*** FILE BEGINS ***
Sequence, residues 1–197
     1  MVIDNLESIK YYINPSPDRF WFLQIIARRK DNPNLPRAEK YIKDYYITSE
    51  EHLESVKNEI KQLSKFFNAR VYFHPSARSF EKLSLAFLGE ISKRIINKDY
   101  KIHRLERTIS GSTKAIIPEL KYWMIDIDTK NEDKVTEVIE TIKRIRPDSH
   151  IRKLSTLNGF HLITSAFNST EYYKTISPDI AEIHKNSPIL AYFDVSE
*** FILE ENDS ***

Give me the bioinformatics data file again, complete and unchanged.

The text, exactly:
Sequence, residues 1–197
     1  MVIDNLESIK YYINPSPDRF WFLQIIARRK DNPNLPRAEK YIKDYYITSE
    51  EHLESVKNEI KQLSKFFNAR VYFHPSARSF EKLSLAFLGE ISKRIINKDY
   101  KIHRLERTIS GSTKAIIPEL KYWMIDIDTK NEDKVTEVIE TIKRIRPDSH
   151  IRKLSTLNGF HLITSAFNST EYYKTISPDI AEIHKNSPIL AYFDVSE